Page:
Frantic calls of “Two recover, Two recover, Two recover,” echoed across the airwaves.
Maj. Luke O’Sullivan, F-16 Fighting Falcon instructor pilot, watched helplessly from his cockpit as his student’s jet descended from an altitude of over 3 miles to under 4,400 feet in a matter of seconds.
While executing a more than 8-G turn, the over 1,000 pounds of pressure had drained the blood from the student’s brain, causing tunnel vision and impairing his ability to rationalize.
Within seconds, he was a victim of gravity-induced loss of consciousness.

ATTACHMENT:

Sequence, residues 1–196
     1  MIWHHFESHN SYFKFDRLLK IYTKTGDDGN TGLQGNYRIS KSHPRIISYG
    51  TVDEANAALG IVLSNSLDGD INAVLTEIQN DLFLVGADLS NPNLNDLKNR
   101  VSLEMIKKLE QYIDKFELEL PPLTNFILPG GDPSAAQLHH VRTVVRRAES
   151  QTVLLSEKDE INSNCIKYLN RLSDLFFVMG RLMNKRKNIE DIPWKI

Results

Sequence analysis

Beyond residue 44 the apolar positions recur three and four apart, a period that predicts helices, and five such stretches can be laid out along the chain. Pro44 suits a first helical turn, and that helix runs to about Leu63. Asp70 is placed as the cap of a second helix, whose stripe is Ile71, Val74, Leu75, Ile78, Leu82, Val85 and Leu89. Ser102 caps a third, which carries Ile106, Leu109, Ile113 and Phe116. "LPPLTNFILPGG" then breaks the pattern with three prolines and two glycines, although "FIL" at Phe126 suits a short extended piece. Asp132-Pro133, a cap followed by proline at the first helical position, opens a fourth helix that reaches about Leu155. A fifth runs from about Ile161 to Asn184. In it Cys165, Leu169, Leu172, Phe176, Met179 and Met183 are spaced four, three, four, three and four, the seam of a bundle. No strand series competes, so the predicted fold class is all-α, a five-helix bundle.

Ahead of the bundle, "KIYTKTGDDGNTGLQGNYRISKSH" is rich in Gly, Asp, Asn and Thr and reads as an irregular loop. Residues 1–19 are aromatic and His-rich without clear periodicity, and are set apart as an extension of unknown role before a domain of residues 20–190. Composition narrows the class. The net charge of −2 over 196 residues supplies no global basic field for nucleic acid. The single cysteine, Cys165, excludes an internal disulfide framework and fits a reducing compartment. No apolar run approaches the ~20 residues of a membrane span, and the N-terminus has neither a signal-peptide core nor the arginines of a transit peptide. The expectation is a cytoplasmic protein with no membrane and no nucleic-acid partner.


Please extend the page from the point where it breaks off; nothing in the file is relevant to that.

Given the rapid rate of descent, O’Sullivan knew there was no way the pilot could regain consciousness in time to pull out of the free fall.
In less than four seconds, his student would be dead — except, he didn’t die. Instead, the essentially pilotless F-16 rolled upright, pulled a 5-G climb and then leveled off.
The pilot’s savior: a technology developed in the 1980s known as the Automatic Ground Collision Avoidance System.